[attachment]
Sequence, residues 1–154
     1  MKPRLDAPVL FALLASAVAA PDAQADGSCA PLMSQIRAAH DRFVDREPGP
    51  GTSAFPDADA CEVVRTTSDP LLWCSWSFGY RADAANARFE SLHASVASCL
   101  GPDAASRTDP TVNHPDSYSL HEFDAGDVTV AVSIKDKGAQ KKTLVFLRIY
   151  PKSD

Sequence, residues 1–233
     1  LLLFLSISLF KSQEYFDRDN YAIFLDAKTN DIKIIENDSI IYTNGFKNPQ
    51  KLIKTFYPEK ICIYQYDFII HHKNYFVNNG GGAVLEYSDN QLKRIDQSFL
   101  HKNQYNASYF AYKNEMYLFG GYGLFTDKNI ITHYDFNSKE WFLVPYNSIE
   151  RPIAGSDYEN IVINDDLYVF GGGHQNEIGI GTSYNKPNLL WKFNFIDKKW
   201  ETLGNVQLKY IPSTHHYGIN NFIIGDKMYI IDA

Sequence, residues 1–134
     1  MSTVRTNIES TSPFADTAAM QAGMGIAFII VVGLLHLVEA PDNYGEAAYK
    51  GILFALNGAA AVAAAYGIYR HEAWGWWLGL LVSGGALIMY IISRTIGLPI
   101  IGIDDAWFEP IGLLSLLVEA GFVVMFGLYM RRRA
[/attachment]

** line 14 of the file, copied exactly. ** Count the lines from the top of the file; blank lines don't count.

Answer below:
    51  GILFALNGAA AVAAAYGIYR HEAWGWWLGL LVSGGALIMY IISRTIGLPI